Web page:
A major overhaul of condo construction, which will likely be completed by 2019, is expected to be done in the next two to three years, according to a group of investors led by Goldman Sachs.
A major revamp of condo production, which has already begun in some of the most expensive areas of Manhattan, is anticipated to be completed in 2019.
The two-pronged plan calls for building more than 2,000 condo units and demolishing a total of 1,000 buildings over the next decade.
The plan is based on a $1.3 trillion asset class called REITs, which stands for “retail and investment-grade” and have grown to $1 trillion in value.
A key difference between the two plans is that the first plan would create a new REIT, rather than demolishing the existing one.
The second, the new version of the plan, would build about 1,200 new units and would destroy almost 2,600 existing ones, according the group’s latest analysis of the REIT market.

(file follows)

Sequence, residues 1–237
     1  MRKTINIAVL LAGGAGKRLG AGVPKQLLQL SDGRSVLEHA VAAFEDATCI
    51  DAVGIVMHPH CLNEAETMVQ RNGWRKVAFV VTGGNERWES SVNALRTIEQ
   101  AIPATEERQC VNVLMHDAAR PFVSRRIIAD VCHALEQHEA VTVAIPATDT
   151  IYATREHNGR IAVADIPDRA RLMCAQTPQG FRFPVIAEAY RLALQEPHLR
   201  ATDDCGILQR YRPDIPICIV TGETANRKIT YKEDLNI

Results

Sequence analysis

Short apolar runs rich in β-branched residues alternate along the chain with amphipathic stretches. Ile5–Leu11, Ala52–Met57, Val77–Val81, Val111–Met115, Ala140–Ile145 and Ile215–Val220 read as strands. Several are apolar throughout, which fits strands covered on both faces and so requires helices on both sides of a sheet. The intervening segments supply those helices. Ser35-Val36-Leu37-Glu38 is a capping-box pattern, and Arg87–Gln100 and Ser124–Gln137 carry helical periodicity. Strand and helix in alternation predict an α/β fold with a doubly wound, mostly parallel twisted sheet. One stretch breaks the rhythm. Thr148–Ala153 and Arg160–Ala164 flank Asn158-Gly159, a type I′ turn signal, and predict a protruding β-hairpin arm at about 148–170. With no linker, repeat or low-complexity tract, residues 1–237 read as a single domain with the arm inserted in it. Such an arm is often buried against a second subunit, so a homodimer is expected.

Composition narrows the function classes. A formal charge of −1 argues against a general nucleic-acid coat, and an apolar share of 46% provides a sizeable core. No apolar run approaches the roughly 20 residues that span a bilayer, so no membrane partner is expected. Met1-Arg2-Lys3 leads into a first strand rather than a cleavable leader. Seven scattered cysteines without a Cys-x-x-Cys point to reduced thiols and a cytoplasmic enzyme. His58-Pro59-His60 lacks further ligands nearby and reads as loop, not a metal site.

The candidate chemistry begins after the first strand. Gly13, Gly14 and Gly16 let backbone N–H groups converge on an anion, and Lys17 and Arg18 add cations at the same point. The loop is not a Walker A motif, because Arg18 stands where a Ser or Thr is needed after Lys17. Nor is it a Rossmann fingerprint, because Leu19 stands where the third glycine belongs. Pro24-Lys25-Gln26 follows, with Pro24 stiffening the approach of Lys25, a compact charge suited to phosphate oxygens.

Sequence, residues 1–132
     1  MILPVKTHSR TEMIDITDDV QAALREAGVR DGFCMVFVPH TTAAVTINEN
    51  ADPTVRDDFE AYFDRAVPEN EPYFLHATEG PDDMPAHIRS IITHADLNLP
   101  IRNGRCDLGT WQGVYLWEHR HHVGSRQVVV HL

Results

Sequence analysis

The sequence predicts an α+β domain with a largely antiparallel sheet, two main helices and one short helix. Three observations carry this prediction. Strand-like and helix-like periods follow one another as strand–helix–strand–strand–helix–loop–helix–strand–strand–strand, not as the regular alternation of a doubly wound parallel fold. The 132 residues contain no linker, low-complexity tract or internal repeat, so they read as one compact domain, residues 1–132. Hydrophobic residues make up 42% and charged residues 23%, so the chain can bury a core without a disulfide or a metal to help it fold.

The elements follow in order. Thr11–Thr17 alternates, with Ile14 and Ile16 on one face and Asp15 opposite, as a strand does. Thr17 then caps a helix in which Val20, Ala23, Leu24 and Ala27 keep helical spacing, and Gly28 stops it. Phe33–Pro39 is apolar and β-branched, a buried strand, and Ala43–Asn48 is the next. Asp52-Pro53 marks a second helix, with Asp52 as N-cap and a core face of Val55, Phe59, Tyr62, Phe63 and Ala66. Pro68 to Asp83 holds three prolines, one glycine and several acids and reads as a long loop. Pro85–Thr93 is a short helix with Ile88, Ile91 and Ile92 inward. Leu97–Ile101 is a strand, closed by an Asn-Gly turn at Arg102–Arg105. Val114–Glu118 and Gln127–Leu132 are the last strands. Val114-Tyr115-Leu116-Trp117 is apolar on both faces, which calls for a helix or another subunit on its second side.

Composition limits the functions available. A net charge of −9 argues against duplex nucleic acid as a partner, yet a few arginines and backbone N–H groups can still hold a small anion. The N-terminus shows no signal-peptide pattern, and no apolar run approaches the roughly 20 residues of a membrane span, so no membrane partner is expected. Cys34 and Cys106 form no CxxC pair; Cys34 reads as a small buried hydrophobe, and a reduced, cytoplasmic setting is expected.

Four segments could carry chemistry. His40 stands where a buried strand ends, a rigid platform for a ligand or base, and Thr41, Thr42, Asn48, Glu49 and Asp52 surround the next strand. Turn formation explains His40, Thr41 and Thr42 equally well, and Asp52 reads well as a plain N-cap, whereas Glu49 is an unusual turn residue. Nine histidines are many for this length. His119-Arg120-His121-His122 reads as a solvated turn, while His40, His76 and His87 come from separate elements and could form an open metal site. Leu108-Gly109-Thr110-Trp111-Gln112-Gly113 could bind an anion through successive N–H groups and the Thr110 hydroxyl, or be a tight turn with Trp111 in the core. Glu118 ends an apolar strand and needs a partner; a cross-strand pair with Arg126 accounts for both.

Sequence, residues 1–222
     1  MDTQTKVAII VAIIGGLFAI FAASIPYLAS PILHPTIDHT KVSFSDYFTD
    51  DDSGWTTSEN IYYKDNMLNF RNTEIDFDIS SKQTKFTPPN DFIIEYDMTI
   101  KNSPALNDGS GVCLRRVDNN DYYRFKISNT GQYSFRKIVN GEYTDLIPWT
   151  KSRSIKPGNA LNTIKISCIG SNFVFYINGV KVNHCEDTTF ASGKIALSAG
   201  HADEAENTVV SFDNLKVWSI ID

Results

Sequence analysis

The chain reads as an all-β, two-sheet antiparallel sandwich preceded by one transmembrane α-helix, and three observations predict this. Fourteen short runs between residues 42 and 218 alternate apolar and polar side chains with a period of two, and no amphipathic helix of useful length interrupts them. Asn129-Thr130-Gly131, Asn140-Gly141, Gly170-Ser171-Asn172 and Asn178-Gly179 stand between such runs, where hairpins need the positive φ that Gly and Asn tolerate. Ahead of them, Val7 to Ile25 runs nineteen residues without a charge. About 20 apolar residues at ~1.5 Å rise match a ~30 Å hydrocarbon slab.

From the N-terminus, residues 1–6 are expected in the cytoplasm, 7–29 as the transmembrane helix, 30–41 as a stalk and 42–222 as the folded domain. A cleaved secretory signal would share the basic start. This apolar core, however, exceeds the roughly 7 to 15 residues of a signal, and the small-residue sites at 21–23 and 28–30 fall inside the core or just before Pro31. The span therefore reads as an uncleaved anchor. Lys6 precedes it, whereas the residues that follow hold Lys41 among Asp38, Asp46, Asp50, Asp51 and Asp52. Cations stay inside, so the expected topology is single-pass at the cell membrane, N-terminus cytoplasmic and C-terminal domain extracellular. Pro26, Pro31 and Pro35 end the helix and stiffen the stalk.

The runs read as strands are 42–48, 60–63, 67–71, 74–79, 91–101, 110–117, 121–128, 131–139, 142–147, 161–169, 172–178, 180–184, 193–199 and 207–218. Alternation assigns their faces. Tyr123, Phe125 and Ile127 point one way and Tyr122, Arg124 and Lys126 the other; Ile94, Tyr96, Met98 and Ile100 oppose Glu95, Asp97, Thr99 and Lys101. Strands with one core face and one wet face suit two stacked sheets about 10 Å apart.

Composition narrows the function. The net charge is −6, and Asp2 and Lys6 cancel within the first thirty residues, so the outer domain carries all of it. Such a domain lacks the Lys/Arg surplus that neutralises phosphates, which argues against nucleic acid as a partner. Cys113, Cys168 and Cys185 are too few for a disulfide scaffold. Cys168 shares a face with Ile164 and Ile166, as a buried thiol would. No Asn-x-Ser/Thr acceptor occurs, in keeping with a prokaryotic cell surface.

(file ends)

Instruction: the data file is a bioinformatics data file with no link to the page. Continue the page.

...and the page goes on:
RealtyTrac, which tracks REIT markets, said in its latest REIT price forecast that the new plan, if implemented, would see prices in the mid- to high $600,000 range by 2022.
It also expects that about 60 percent of the new units would be residential.
The average REIT valuation in Manhattan was about $1,200,000 in 2013, up from $1 in 2000, according an analysis by the real estate website Realty Trac.
New York is also in a market of rapid growth, with new apartments starting to pop up in the most desirable areas of the city, like Brooklyn and Manhattan.
“As a new development boom develops, the demand for more apartments in the city becomes greater and more costly for the existing buildings, making it more expensive to demolish buildings,” RealtyTrac CEO John Foti said in a statement.
The REIT plan could change the skyline of Manhattan.
The city is already home to two of the highest rents in the country.
The median rent for an apartment in Manhattan is $1 million, according a study from the Urban Institute, which analyzed the median income for renters in the boroughs of Brooklyn, Queens and Staten Island.